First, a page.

In your 30s and 40s, preparing financially for retirement is a remote concern. Financial concerns and obligations of a more pressing nature take precedence over a nebulous need that remains decades away.
However, when you reach your 50s, retirement preparedness takes on a sense of urgency. The years are now zooming by. Will you be ready when your earning days are over?
Heed the voices of experience
When researchers asked current retirees to reflect on their retirement preparations, common regrets include borrowing too much during their working years, retiring too early, and not saving enough money. A 2018 report (PDF) from the Transamerica Center for Retirement Studies emphasized that last one, noting fewer than half of today’s retirees are confident that they built a large enough nest egg.
As for current workers, those saving little or nothing for their retirement years often say they can’t — they don’t make enough money to cover their bills and save. For some, that’s undoubtedly true. But many others could save more if they adopted specific behavioral and lifestyle changes.
Below, we list five common obstacles that hamper financial preparation for retirement — and we provide specific suggestions for moving past them.
According to a 2021 survey (PDF) by the Employee Benefits Research Institute, only half of current workers “have ever tried to calculate how much money they will need to have saved so that they can live comfortably in retirement.” Even workers with an employer-sponsored retirement plan (or an IRA) were only slightly more likely (57%) to have made such calculations.
What to do?
SMI members should get acquainted with MoneyGuide, the award-winning financial planning software that can assess your current financial condition and plot a path toward a secure retirement. MoneyGuide, available to Premium-level members for a one-time $50 fee, provides a clear picture of how much to save/invest each month to reach your retirement goals. (For “ballpark” calculations, try Vanguard’s free online retirement calculator.)
Many people believe tracking and managing their spending is too restrictive — and too much work. On the contrary, good money management is freeing, and apps/software have made it less time-consuming. Knowing how much you can spend on this or that, all the while knowing your plan enables you to live generously and save and invest adequately, is empowering.
What to do?
Of the various budgeting tools available — from apps to spreadsheets to paper-and-pencil — the best one for you is the one you’ll actually use. You’ll discover that better management of your day-to-day finances is remarkably effective in freeing up funds to put toward retirement savings.
Undermined by Overhead
Housing is probably your largest expense, so it’s crucial to keep your spending in this category within certain boundaries. Generally speaking, it’s best to keep the combination of your mortgage, property taxes, and homeowners insurance to no more than 25% of your monthly gross income — even better if you can keep it to no more than 20%.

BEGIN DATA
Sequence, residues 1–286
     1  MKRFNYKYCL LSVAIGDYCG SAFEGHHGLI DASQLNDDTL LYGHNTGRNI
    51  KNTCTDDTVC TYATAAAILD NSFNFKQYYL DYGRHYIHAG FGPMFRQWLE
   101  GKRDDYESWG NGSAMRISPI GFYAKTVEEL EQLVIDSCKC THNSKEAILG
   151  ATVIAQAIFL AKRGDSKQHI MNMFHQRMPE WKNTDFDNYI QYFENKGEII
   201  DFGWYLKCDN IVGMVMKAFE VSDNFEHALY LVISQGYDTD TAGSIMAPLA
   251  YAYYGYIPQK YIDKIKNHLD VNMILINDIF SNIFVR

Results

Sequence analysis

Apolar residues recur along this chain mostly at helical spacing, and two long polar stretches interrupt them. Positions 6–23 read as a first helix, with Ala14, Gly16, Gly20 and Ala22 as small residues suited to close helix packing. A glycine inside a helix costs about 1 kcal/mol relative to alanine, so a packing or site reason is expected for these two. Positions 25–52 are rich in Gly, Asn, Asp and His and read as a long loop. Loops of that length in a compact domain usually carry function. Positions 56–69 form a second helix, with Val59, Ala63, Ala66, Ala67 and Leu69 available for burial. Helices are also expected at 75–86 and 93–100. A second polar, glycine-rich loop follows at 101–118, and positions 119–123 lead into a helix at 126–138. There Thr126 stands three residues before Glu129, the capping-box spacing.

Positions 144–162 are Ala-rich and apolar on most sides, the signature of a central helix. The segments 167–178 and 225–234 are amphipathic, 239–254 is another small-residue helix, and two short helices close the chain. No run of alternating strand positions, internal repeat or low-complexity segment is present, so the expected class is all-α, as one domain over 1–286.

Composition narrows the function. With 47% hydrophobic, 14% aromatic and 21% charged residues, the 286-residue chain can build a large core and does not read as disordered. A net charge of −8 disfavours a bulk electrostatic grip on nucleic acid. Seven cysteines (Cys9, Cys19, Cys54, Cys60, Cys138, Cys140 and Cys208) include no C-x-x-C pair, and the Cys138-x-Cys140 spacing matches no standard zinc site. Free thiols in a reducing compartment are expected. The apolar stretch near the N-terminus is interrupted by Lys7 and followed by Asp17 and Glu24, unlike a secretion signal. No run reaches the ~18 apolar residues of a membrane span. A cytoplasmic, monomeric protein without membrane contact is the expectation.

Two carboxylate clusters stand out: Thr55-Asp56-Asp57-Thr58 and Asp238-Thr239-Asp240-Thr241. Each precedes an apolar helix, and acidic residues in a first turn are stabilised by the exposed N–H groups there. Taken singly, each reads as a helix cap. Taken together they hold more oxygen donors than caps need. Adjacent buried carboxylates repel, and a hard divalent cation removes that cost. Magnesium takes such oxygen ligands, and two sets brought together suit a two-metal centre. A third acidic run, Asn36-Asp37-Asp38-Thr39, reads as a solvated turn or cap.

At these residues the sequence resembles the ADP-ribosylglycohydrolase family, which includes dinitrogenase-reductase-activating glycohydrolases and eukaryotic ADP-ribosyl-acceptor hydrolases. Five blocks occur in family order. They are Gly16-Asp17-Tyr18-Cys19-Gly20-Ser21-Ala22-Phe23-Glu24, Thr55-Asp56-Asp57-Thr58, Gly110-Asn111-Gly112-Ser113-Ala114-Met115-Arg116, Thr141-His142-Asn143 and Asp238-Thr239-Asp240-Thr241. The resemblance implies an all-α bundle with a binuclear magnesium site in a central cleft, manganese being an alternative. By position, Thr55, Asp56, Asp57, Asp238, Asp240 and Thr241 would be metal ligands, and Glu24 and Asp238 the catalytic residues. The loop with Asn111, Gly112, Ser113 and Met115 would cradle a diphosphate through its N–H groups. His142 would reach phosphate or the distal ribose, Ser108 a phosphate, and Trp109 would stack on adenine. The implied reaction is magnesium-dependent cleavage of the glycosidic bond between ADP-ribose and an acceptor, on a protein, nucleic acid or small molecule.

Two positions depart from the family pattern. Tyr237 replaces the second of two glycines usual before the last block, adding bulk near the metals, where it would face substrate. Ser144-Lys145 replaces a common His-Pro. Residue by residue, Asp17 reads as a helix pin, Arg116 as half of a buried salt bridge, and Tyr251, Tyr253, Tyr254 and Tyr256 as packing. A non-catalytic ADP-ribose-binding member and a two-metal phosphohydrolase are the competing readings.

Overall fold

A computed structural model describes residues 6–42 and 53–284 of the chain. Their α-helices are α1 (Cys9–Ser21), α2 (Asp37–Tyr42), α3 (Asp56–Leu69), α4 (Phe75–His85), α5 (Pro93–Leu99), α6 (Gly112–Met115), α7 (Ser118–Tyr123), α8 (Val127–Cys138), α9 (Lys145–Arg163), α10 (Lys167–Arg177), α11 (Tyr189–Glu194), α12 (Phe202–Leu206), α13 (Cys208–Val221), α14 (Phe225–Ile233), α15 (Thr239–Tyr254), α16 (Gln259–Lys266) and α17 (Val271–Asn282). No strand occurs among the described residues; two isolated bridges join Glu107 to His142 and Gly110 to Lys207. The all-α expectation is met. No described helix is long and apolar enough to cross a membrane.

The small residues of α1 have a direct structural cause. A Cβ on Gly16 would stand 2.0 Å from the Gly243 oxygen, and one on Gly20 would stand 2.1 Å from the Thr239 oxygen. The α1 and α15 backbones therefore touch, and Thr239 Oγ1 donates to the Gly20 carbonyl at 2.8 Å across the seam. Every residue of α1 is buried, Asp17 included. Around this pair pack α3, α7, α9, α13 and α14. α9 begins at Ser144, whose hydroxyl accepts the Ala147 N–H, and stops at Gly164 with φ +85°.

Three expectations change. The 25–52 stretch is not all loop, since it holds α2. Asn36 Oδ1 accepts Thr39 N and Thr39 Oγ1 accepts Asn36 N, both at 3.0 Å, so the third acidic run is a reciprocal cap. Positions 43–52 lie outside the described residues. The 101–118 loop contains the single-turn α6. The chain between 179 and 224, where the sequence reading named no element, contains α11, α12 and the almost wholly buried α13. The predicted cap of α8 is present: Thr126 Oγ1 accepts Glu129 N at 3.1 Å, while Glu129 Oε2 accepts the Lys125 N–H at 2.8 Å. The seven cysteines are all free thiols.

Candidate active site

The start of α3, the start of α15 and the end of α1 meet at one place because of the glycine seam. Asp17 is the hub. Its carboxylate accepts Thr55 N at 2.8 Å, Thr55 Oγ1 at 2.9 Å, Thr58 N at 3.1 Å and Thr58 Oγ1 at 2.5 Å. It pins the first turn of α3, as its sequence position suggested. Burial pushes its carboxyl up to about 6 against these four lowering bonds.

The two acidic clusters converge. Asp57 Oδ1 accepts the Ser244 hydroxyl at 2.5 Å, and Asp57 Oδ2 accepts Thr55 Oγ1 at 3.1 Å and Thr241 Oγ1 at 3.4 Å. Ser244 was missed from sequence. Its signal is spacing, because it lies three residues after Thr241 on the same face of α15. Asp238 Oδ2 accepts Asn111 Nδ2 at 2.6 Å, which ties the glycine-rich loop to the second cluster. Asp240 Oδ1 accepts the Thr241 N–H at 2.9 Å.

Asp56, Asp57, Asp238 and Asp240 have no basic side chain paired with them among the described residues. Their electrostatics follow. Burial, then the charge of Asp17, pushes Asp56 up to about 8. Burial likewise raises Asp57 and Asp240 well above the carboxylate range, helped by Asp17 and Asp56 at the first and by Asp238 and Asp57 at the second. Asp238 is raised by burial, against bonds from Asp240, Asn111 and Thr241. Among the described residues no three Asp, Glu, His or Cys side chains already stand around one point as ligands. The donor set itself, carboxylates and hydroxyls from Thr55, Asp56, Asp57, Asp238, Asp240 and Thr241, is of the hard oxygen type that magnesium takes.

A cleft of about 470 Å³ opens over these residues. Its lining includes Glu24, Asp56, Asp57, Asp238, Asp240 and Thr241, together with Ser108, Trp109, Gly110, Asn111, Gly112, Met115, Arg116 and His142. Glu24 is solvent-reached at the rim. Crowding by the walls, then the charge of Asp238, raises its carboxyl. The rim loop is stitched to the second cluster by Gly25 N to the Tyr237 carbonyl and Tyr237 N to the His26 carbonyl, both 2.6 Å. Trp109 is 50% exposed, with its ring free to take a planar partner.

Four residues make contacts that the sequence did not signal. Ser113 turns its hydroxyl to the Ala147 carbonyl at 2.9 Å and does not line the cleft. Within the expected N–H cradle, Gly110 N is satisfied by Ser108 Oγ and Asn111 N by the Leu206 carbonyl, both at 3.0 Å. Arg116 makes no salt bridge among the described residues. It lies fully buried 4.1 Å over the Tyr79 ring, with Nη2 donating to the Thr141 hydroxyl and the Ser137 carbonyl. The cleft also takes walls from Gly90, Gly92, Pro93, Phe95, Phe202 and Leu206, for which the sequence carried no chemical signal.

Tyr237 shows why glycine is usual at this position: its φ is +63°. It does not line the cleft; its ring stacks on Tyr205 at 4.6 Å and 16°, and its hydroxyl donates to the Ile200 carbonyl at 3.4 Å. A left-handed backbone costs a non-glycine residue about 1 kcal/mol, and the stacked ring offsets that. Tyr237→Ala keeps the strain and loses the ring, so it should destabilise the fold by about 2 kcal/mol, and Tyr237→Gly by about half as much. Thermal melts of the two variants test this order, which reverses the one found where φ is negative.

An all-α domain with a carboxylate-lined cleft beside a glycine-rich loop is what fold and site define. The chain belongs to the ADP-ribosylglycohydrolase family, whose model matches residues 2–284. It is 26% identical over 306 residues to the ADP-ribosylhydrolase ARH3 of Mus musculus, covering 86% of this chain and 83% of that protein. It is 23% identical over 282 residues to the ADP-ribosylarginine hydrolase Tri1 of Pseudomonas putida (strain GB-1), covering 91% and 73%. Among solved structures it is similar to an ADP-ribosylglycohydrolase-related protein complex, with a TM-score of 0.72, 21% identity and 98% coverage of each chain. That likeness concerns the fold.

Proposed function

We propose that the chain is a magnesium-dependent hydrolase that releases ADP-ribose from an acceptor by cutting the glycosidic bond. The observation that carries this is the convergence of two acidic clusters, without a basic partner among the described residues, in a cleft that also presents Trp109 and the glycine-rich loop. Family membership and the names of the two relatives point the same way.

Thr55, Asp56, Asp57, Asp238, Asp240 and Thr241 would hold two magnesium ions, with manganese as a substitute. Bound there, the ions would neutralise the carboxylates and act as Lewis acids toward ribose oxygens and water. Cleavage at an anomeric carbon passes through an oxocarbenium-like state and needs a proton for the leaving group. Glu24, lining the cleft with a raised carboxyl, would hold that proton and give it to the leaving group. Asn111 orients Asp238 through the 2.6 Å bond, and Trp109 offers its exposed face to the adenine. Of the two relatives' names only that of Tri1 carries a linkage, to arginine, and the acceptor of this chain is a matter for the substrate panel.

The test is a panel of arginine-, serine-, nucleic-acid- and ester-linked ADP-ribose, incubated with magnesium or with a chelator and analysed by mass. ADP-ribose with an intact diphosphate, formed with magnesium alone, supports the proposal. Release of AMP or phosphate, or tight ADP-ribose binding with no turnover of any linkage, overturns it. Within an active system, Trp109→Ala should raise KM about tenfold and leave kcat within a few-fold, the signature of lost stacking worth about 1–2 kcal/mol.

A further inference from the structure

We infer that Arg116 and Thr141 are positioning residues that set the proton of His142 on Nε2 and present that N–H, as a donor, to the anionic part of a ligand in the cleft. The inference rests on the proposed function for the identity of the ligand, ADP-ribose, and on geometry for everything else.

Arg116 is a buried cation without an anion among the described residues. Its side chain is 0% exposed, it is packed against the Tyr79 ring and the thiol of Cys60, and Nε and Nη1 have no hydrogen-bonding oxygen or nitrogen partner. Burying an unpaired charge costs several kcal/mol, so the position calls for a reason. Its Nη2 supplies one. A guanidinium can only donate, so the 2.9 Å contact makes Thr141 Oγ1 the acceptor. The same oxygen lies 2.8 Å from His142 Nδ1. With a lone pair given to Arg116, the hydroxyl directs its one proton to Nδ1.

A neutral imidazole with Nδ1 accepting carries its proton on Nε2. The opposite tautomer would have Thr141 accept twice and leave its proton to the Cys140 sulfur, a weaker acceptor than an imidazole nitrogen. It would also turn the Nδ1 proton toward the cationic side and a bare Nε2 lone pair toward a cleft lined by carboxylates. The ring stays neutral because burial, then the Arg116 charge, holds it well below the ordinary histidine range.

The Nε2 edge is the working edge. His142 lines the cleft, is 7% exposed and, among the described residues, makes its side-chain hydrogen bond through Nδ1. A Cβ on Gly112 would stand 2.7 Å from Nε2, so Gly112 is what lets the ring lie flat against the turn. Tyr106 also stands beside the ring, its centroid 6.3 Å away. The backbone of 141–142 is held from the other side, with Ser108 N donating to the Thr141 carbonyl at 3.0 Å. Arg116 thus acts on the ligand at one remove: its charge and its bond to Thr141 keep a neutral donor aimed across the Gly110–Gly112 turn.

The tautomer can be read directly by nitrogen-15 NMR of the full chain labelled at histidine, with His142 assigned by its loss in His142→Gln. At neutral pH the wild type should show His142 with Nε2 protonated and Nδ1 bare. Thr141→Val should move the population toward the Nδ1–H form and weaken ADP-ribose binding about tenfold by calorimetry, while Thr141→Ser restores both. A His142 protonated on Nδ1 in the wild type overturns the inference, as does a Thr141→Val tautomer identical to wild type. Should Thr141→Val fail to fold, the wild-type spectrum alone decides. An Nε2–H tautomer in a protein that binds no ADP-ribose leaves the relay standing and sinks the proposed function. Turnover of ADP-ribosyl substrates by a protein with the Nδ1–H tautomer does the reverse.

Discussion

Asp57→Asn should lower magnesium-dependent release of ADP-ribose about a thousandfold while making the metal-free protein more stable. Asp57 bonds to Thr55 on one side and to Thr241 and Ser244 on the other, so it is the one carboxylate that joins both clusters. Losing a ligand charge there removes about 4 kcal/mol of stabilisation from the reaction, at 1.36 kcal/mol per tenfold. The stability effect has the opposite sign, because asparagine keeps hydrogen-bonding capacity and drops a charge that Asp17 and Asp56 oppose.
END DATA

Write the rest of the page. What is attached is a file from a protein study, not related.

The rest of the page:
What to do?
If you’re spending above those targets, pray about doing something radical: selling your home and buying a more affordable one. Given the recent run-up in housing prices, finding a more affordable place may not be easy. But don’t reject the idea without looking into it. Who knows what you might discover?
Squeezed by Car Payments
Carrying car-related debt is a big reason many people have no financial cushion. Auto payments, which often stretch out for six or seven years, make it difficult to save for retirement.
What to do?
If you have a financed vehicle, commit to paying it off. Then, continue to drive that car for as many years as possible. Redirect the amount you had been paying on the auto loan toward savings — some for your next vehicle, some for retirement.
Not Facing up to Reality
Optimism is a good thing, but being overly optimistic can keep us from a sober assessment of probabilities. According to a 2021 Transamerica survey (PDF), nearly 60% of workers plan to keep working at least part-time in retirement — primarily to continue earning income. It is unlikely that most of them will be able to do so, at least based on the work status of people currently in the 65-74 age range. Only about 25% of such people are still working for pay. The percentage drops to less than 10% for those over age 75.
Although it’s fine to plan to work in your later years, don’t presume that you’ll be able to continue to earn income. Maybe you will, but most likely, you won’t. A 2018 study (PDF) found that more than half of retirees had to leave the workforce sooner than they had planned, often because of job losses or health concerns.
What to do?
Plan vocationally, emotionally, physically, and spiritually to work as long as possible! But, when it comes to your finances, assume that you will retire somewhere between the ages of 65 and 70 and plan accordingly.
How confident are you that you’re saving enough for retirement? If you’re falling short, identify the things that are holding you back from saving more and do something about them. The time to start is today.